Construction Spending Increases in October

January 2017

Construction spending was mixed in October as a rebound in residential and public categories outweighed a downturn in most private nonresidential segments, according to an analysis by the Associated General Contractors of America. AGC officials noted, however, that public investments in infrastructure remain down compared to last year while private-sector demand should remain robust amid continued economic growth.
    
Private nonresidential construction still appears to have good prospects, assuming the economy continues to expand,” said Ken Simonson, AGC’s chief economist.
    
Construction spending in October totaled $1.173 trillion at a seasonally adjusted annual rate, up 0.5 percent from the month before and up 3.4 percent from the October 2015 level, Simonson said. He added that the year-to-date total for January through October 2016 compared to the first 10 months of 2015 remains positive, with an overall increase of 4.5 percent, as moderate gains in private nonresidential spending (7.7 percent) and residential spending (5.7 percent) offset a slide of 1.5 percent in public outlays.
    
Public construction spending jumped 2.8 percent from September to October. However, spending on infrastructure for the first 10 months of the year is generally level with, or lower than, the totals for January–October 2015.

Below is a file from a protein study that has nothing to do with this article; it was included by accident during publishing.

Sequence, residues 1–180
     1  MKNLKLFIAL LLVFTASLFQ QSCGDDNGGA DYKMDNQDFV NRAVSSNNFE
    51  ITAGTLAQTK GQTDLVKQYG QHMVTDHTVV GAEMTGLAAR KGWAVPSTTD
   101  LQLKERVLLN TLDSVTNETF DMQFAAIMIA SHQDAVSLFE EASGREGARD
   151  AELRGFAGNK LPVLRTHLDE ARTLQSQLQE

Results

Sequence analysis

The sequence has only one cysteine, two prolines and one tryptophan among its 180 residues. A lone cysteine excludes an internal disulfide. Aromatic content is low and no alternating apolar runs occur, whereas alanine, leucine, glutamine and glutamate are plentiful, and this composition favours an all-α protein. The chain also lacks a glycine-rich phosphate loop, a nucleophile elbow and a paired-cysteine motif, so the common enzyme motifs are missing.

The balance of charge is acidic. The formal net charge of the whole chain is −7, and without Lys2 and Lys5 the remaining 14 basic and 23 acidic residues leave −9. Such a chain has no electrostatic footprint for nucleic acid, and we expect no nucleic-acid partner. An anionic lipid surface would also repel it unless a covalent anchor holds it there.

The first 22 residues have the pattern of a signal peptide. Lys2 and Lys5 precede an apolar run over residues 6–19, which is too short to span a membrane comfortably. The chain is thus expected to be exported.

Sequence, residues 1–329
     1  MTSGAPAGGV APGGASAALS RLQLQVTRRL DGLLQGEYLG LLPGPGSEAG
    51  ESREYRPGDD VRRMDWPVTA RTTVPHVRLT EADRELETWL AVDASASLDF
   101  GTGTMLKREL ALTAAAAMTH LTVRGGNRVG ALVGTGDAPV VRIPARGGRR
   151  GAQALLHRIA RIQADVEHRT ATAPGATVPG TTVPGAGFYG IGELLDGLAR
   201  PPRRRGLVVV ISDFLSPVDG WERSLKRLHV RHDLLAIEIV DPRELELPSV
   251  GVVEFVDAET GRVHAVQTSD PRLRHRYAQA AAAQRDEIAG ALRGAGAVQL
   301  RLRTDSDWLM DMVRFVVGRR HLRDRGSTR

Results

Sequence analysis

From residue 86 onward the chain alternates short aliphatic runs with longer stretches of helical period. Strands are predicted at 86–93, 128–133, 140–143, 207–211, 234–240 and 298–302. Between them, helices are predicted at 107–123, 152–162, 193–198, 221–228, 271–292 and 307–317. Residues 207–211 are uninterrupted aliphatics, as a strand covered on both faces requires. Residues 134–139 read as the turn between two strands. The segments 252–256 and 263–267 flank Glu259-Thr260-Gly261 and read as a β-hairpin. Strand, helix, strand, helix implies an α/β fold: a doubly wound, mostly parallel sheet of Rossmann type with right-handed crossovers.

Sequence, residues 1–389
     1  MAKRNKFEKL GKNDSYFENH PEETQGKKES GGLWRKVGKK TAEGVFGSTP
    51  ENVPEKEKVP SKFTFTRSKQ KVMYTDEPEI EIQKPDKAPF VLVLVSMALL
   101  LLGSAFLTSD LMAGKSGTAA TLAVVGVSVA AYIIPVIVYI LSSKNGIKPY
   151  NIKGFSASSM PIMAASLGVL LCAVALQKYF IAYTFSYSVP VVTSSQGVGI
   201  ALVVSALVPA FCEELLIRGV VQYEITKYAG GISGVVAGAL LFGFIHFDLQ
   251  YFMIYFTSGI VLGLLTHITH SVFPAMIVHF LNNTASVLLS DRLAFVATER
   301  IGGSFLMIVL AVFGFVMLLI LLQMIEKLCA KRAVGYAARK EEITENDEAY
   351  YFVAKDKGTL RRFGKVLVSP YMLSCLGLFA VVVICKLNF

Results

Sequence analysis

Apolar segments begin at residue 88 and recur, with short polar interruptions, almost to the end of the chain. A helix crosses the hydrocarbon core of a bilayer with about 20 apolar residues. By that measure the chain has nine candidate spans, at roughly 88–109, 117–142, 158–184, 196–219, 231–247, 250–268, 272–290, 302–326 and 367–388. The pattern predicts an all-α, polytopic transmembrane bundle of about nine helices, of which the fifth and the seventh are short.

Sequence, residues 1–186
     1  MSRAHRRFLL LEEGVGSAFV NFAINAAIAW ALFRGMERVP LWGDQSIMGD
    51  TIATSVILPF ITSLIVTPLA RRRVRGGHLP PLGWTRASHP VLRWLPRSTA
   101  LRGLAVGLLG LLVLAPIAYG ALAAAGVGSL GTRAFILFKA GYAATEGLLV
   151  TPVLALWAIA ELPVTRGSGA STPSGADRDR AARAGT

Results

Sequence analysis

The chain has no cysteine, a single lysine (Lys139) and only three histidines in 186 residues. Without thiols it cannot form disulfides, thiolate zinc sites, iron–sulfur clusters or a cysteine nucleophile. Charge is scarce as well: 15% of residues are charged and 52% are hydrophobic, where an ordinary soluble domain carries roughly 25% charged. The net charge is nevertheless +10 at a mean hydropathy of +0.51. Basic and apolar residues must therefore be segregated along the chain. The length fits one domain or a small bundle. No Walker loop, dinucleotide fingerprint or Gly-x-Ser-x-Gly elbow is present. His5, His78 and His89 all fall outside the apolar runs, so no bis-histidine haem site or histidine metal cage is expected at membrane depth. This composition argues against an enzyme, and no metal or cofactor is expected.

Private nonresidential construction spending dropped 2.1 percent for the month, but the year-to-date total for most project types rose. Manufacturing construction decreased 2.4 percent for the month and is down 3.1 percent year-to-date. Commercial (retail, warehouse and farm) construction declined by 2.4 percent in October but climbed 9.0 percent year-to-date. Private office construction fell 2.0 percent for the month but soared 28 percent year-to-date.
    
Private residential construction spending increased by 1.6 percent between September and October and rose 5.7 percent year-to-date. Spending on multifamily residential construction increased by 2.8 percent for the month and 17.8 percent year-to-date, while single-family spending also climbed 2.8 percent for the month and rose 5.1 percent year-to-date.